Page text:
The U.S. closed its consulate in Casablanca indefinitely on Sunday to review security a day after a suicide bombing beside the building, the U.S. Embassy said.

A second bomber on Saturday detonated his explosive belt in the same street, just yards from the American Language Center where English is taught. A woman was injured in one of the blasts but only the bombers died.

The attacks were Morocco's first since five simultaneous homicide bombings in Casablanca in 2003 which killed 33 people and a dozen bombers.

The blasts in Morocco and twin car-bombings in neighboring Algeria on Wednesday that killed 30 people suggest that Islamic extremism is rekindling across North Africa.

U.S. Embassy officials could not be reached for further comment on the closure, announced in a brief statement.

Moroccan authorities identified the bombers in Saturday's blasts as brothers Mohamed and Omar Maha. A third suspect was arrested near the scene carrying an explosive belt matching those used by the bombers, according to an Interior Ministry official who, citing policy, asked not to be named.

Authorities say the suspects belonged to a larger group behind an Internet cafe bombing in a Casablanca slum last month. That incident sparked a police manhunt to track down other members of the group, which authorities said planned to attack police stations, port and tourist sites in the northern city.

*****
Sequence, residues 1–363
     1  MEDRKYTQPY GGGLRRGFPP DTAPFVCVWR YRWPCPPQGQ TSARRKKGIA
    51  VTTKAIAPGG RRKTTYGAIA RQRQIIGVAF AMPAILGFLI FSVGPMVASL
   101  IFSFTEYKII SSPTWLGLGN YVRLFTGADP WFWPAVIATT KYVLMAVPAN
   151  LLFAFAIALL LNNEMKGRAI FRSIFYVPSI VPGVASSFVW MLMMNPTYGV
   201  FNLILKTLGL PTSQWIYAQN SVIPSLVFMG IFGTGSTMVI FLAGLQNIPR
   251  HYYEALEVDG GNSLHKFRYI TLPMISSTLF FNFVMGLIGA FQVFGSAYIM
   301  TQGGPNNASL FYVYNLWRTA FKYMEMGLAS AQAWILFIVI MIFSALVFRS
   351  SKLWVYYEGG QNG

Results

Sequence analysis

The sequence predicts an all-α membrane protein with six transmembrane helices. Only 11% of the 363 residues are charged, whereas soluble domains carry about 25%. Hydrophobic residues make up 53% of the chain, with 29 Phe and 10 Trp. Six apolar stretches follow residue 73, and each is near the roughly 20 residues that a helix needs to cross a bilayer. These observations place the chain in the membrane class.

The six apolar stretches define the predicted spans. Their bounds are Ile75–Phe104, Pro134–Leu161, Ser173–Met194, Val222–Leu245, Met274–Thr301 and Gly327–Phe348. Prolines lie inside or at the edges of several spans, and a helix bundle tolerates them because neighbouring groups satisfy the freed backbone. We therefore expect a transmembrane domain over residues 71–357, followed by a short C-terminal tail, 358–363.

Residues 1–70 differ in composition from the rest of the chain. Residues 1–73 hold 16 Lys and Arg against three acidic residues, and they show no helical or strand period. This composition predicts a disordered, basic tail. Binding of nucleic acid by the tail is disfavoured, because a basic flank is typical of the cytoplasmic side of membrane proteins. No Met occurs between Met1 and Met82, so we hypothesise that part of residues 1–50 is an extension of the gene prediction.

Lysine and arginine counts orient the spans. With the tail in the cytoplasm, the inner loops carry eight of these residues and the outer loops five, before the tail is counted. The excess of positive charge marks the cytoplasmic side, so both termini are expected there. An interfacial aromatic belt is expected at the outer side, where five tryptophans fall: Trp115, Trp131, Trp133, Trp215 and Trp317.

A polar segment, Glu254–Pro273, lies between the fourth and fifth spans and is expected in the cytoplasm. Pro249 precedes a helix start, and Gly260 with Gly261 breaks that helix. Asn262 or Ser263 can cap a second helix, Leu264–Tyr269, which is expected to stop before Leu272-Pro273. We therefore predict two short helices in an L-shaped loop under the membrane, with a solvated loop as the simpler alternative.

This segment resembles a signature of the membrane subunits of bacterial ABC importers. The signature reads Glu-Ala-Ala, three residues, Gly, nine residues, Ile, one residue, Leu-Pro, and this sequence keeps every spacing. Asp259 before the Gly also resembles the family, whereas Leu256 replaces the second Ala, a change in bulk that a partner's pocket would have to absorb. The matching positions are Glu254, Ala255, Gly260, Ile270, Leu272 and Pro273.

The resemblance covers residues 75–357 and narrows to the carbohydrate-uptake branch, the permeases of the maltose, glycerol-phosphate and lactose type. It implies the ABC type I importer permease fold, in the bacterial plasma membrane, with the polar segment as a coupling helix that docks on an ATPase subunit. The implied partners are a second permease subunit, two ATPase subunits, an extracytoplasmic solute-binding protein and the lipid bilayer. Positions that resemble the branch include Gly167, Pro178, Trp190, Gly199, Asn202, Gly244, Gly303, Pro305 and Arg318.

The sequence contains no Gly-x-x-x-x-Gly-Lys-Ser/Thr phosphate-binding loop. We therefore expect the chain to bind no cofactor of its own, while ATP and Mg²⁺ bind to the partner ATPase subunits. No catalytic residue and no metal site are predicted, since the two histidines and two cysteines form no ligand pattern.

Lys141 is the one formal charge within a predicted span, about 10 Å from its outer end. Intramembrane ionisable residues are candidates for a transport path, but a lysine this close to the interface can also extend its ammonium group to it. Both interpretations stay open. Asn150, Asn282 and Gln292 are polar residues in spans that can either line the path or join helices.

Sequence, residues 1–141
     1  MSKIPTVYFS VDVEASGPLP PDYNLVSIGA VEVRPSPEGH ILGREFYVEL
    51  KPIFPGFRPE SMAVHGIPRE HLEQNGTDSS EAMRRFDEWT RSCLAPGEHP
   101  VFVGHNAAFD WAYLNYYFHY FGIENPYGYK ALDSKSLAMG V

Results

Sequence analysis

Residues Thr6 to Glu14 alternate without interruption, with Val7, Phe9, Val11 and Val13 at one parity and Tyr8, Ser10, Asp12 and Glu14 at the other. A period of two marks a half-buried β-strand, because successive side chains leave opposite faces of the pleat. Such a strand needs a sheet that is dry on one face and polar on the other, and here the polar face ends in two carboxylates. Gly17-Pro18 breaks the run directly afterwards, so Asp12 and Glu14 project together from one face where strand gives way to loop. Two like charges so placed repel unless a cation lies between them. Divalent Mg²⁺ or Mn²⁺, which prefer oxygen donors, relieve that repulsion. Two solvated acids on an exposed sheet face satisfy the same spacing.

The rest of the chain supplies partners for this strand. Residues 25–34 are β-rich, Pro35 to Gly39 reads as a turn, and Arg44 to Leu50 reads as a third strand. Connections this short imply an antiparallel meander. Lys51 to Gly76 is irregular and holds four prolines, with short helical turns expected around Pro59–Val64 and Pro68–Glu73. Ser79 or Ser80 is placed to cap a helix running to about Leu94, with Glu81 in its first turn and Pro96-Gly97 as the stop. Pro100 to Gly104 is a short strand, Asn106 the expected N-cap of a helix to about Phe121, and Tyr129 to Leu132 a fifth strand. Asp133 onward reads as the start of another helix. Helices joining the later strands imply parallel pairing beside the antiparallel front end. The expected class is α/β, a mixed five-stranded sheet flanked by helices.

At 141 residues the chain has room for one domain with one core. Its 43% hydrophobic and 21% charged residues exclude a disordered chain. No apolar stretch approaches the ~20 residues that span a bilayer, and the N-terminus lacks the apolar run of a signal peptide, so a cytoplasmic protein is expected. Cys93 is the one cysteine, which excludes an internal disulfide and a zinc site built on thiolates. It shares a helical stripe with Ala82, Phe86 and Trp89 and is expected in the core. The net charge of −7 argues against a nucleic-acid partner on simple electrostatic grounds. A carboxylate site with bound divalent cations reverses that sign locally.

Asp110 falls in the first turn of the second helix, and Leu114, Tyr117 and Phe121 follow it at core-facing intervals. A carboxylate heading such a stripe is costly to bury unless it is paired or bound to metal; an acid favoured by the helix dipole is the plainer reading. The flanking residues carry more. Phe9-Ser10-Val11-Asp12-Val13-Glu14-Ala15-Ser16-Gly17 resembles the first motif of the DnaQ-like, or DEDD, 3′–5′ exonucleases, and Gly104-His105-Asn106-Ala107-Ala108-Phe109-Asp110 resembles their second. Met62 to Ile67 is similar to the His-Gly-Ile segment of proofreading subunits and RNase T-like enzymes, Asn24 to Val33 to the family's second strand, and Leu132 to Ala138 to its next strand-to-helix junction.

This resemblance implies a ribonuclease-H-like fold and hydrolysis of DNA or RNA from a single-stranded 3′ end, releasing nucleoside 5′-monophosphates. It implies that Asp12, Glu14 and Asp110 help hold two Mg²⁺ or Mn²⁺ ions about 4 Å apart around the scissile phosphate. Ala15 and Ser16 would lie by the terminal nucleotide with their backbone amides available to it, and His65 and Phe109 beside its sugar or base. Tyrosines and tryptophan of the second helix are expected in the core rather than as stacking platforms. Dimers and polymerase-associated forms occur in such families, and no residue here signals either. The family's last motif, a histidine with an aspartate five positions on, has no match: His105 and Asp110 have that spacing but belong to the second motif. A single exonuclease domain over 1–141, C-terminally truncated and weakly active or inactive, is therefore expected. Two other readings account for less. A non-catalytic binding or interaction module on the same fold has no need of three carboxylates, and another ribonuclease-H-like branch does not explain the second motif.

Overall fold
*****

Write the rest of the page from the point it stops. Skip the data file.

On Tuesday, police cornered three members of the group in a working-class neighborhood of Casablanca, shooting one dead while the remaining three killed themselves in suicide blasts that also killed a policeman.

On Saturday, police announced they had arrested the alleged leader of the group and uncovered hideouts used for bomb-making, but did not say when the arrest had taken place.

The region's most organized group, Algeria's Salafist Group for Call and Combat, has formally allied with Al Qaeda and in January changed its name to Al Qaeda in Islamic North Africa.